- Only hours worked on the job will be reimbursed (vacations, sick leave, etc. will not be reimbursed)
- The employer gets reimbursed at the midpoint and/or completion point of training
Additional information about the On-the-Job Training funds can be accessed here. For questions, or to apply, please contact the San Diego Workforce Partnership's Business Programs Team via email at email@example.com.
Reduced Work Hours
If your employer has reduced your hours or shut down operations due to COVID-19, you can file an Unemployment Insurance (UI) claim. UI provides partial wage replacement benefit payments to workers who lose their job or have their hours reduced, when it isn’t their fault. Workers who are temporarily unemployed due to COVID-19 and expected to return to work with their employer within a few weeks are not required to actively seek work each week. However, they must remain able and available and ready to work during their unemployment for each week of benefits claimed and meet all other eligibility criteria. Eligible individuals can receive benefits that range from $40-$450 per week. Unemployed workers with an active unemployment insurance claim are also eligible to receive an additional $600 per week payment from the federal government.
The Governor’s Executive Order waives the one-week unpaid waiting period, so you can collect UI benefits for the first week you are out of work. If you are eligible, the EDD processes and issues payments within a few weeks of receiving a claim.
Sick or Quarantined
If you’re unable to work due to having or being exposed to COVID-19 (certified by a medical professional), you can file a Disability Insurance (DI) claim. DI provides short-term benefit payments to eligible workers who have a full or partial loss of wages due to a non-work-related illness, injury, or pregnancy. Benefit amounts are approximately 60-70 percent of wages (depending on income) and can range from $50-$1,300 a week. The Governor’s Executive Order waives the one-week unpaid waiting period, so you can collect DI benefits for the first week you are out of work. If you are eligible, the State of California Employment Development Department processes and issues payments within a few weeks of receiving a claim.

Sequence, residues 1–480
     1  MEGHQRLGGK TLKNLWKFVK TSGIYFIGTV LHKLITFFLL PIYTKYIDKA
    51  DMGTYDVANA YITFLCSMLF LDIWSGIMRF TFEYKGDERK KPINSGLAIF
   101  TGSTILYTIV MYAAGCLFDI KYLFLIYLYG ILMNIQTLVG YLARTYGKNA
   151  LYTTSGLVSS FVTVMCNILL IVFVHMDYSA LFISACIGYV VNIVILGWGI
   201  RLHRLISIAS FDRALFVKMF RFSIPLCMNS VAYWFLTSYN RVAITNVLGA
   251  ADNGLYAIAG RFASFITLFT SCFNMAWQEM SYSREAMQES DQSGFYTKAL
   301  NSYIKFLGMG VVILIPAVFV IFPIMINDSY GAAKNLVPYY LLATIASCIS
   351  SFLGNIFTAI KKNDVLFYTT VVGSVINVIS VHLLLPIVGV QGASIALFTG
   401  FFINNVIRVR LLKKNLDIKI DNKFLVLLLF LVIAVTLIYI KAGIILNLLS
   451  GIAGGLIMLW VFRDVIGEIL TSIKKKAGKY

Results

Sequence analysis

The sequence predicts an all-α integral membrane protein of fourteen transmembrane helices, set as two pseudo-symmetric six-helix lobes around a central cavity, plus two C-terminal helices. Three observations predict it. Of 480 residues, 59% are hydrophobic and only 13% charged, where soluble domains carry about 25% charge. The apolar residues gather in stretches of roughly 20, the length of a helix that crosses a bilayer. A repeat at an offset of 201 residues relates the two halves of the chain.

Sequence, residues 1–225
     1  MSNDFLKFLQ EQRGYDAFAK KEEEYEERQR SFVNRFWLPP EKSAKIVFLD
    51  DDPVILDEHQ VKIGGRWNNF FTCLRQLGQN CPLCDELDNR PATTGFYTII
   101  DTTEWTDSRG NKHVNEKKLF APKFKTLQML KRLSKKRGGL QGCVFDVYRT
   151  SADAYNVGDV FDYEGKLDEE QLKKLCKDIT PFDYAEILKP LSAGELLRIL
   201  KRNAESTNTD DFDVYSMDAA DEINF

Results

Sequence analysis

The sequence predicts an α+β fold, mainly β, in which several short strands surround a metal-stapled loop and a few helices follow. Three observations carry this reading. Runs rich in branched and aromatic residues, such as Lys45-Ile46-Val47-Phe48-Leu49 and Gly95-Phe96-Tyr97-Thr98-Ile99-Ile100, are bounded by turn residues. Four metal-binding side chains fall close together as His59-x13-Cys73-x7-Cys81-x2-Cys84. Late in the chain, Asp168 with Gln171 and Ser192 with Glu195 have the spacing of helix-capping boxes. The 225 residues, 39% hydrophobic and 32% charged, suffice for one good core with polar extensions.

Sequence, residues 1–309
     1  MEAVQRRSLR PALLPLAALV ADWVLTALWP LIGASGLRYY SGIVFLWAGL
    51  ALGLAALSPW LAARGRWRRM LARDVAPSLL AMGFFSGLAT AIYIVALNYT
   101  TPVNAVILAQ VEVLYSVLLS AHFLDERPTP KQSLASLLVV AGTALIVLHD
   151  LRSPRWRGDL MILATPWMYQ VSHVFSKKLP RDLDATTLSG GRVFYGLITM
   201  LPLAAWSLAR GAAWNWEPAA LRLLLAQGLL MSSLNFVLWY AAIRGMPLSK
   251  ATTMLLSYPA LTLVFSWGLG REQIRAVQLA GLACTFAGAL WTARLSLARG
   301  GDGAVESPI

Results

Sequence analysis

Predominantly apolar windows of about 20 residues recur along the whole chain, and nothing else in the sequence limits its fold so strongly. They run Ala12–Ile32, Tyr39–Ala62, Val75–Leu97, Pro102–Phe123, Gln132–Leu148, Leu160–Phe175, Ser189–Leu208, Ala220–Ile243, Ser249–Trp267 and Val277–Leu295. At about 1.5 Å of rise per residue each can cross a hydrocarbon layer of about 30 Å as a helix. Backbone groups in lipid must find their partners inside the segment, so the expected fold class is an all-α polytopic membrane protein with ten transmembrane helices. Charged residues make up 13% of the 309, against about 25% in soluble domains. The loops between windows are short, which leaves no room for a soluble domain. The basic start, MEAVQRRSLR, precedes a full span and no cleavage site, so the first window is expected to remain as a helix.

If you are unable to do your usual job because you were exposed to and contracted COVID-19 during the regular course of your work, you may be eligible for workers’ compensation benefits. Learn more about your eligibility for Workers’ Compensation benefits.
If you’re unable to work because you are caring for an ill or quarantined family member with COVID-19 (certified by a medical professional), you can file a Paid Family Leave (PFL) claim. PFL provides up to six weeks of benefit payments to eligible workers who have a full or partial loss of wages because they need time off work to care for a seriously ill family member or to bond with a new child. Benefit amounts are approximately 60-70 percent of wages (depending on income) and range from can range from $50-$1,300 a week. If you are eligible, the State of California Employment Development Department processes and issues payments within a few weeks of receiving a claim.
If your child’s school is closed, and you have to miss work to be there for them, you may be eligible for Unemployment Insurance benefits. Eligibility considerations include if you have no other care options and if you are unable to continue working your normal hours remotely. File an Unemployment Insurance claim and State of California Employment Development Department representatives will determine if you are eligible.
The available benefits are insurance programs. To be eligible, either you or an employer had to make contributions in the past 5 to 18 months. It is possible these contributions were made at a prior job, or if you were misclassified as an independent contractor instead of an employee. We encourage you to apply for the benefit program that is most appropriate for your situation. Visit Self-Employed/Independent Contractor to learn more.
Information on a variety of business loans allowing you to start or improve your business.
Data about the community and clientele your business serves.